Engine capacity: 2.0-litre turbo diesel
Power output (PS @ rpm): 143 @ 4,000
Top speed (mph): 90
0-60 (mph): 17
Fuel economy (mpg): 34
CO2 emissions (g/km): 220
The last pick-up I drove was an all-American machine from Ford called the Ranger. It had a load-bay worthy of praise from an Iowa grain silo and represented everything that is big and brash about America. The crude stereotyping came easy and I tested it by cranking up the stereo, putting on my truckers' cap and thundering along the roads of the Home Counties as if I was heading for Des Moines in search of my own slice of the American dream.
This truck from Great Wall is harder to pigeonhole. It's called the Steed, is about £5,000 cheaper than most of its American and Japanese rivals and is the first Chinese-built car to go on sale in Britain. The accepted logic is that China is set to knock America off its perch as the world's pre-eminent superpower, but its cars are borderline unsafe knock-offs that are horrible to drive.
You don't need a PhD in international relations to realise this is a simplistic way to look at things. You only need to go back 20 years to when Kia and Hyundai were seen as duff South Korean imports. They were soon promoted to cheap and cheerful motors and today are going from strength to strength while Ford and Vauxhall struggle to turn a profit.
With that in mind it's worth giving the Steed a fair hearing rather than a show trial dismissing it as the heir to the Soviet Lada or East German Trabant. Great Wall has been making pick-ups for 35 years and shifted 750,000 Steeds worldwide before turnings its attention to Britain. The Steed isn't strictly new, then, but it has been tweaked for the European market.
Double-cab trucks all look much the same to most people, so there's little in its appearance to set it apart from its rivals. What does set it apart, however, is its price. At £13,988 it's seriously cheap and if you check the small print you'll see it comes with heated seats, air conditioning and Bluetooth as standard and is available with a tiny £1 deposit.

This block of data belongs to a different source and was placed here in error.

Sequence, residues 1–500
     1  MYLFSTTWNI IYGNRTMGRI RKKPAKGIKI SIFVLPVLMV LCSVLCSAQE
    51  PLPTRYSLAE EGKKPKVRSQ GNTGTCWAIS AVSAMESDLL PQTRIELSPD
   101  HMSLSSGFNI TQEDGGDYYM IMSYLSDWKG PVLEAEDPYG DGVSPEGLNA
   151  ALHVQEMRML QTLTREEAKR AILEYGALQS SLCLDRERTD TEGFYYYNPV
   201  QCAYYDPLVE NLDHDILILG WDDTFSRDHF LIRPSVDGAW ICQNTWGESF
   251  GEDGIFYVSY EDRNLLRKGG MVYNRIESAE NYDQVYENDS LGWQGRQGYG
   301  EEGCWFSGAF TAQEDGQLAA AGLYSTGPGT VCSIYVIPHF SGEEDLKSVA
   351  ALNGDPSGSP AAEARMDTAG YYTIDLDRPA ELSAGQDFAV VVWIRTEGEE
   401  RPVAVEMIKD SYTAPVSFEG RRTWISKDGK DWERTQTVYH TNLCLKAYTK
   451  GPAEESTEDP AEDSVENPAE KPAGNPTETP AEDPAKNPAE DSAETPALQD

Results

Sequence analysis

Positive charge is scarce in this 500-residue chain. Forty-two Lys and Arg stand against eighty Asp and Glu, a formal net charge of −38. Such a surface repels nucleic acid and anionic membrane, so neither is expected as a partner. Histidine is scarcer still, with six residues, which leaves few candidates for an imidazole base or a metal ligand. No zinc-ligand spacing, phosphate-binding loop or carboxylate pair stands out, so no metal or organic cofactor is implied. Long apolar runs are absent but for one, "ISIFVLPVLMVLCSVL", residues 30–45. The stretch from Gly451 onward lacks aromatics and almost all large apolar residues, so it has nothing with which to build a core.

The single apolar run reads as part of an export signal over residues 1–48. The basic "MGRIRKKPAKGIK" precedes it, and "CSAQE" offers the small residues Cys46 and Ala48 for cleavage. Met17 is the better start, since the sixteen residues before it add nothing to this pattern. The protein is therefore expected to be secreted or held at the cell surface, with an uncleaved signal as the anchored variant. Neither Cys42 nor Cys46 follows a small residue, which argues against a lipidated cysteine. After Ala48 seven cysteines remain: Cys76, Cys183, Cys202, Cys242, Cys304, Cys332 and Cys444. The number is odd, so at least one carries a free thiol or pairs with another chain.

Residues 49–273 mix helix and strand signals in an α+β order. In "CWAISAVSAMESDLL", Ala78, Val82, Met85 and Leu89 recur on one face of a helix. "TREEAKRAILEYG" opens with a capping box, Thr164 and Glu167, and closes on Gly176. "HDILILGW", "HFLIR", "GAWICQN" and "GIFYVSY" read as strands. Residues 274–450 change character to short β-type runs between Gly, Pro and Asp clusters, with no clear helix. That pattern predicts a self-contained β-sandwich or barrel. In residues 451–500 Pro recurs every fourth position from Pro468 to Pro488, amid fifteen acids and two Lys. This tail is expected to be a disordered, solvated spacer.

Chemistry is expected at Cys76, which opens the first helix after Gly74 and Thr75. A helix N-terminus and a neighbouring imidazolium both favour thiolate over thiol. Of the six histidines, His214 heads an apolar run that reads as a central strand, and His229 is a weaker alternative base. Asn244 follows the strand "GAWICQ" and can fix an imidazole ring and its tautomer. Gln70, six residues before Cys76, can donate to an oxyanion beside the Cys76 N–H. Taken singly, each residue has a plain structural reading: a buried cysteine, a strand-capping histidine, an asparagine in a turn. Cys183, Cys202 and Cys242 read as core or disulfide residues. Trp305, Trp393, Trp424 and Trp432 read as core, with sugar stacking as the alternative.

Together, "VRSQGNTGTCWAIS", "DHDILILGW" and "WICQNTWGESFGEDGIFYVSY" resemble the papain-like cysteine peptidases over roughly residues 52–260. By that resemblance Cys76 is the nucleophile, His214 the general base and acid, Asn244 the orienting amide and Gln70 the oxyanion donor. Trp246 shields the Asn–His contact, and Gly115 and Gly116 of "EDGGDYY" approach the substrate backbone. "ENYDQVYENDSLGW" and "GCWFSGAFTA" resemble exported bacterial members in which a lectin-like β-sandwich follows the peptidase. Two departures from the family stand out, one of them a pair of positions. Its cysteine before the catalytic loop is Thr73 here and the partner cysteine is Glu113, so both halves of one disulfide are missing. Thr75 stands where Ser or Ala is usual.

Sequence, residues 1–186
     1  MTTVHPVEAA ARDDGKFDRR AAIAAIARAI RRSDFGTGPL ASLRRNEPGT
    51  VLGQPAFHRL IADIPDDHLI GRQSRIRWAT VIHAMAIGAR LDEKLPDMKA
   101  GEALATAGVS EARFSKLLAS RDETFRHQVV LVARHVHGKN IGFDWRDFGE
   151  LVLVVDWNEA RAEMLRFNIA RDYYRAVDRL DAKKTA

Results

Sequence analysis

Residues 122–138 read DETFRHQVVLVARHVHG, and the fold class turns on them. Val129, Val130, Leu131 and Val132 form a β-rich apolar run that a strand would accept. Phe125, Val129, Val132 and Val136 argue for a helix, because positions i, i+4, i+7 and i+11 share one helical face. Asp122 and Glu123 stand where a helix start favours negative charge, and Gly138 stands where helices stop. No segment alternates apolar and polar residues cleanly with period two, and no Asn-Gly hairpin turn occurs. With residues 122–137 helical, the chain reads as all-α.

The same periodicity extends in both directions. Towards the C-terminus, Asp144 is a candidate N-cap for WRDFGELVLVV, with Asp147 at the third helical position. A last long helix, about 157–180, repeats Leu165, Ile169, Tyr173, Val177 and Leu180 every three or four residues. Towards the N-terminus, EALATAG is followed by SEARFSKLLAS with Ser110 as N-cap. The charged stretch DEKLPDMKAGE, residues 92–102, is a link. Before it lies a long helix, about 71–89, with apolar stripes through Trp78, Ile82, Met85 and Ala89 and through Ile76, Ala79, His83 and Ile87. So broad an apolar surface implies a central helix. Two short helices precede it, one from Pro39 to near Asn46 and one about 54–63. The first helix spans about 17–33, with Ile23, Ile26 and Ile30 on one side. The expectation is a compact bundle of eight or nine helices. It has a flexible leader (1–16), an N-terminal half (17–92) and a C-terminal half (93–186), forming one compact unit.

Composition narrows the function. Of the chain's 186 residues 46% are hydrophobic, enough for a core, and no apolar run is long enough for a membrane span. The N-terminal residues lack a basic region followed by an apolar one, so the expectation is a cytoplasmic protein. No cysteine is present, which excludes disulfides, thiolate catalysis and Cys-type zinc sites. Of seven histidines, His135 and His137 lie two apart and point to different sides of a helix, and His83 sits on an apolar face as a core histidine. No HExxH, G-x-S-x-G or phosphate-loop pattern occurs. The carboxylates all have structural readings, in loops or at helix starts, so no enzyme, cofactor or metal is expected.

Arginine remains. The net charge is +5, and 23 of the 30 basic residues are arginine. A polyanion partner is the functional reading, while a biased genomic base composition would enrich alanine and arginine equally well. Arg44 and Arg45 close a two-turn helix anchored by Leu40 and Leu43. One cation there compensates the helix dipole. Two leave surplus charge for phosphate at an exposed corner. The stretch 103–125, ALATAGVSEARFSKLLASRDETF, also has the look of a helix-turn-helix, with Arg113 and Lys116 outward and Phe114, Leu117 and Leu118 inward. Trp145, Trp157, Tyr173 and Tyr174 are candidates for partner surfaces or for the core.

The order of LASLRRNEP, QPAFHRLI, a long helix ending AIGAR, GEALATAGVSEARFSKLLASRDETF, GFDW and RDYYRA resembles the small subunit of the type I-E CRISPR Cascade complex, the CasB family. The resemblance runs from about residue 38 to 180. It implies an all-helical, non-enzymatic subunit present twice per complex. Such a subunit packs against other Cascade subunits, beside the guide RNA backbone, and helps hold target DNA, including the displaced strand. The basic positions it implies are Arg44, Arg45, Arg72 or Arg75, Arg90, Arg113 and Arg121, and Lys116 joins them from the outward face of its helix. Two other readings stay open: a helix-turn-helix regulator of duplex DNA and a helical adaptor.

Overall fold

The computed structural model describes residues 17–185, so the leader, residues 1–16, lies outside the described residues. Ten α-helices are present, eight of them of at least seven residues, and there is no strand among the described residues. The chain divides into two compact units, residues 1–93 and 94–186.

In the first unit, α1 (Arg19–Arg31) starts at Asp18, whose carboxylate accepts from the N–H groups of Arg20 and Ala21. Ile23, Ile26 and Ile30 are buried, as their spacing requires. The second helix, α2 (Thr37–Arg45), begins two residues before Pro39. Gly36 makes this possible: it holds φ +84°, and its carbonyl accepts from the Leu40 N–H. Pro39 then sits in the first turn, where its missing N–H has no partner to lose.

When you climb into the front of the double cab it's quickly obvious where the cash has been saved. The seats may be leather (not ideal if you're a mucky tradesman), but the plastics are scratchy and hard and the controls are cheap and brittle.
Another gripe is that the central locking fob, which is among the most unreliable I've ever tested – resulting in a week of piercing alarms sounding outside my flat through the night.
The engine is pretty dire too. It may produce 141bhp (at an unclean 220g/km of C02 emmissions, too), but the acceleration is poor and the unsettling vibration through the wheel and gearstick screams at the Steed's lack of sophistication. The ride is smooth enough, though, and the handling – as long as you are not in a hurry – is just about acceptable.
If you're a farmer looking to shift the odd stray sheep or a builder moving bricks, the Steed is ideal then, but for the rest of us it doesn't come up to standard just yet. Great Wall has big ambitions, though, and is launching an SUV here later in the year. Rival Chinese firm Geely is also planning to enter the market soon too. It won't be perfect at first I'm sure, but it'll make rival car makers think, 'the Chinese are coming, they haven't got it right just yet... we'll all be in trouble when they do'.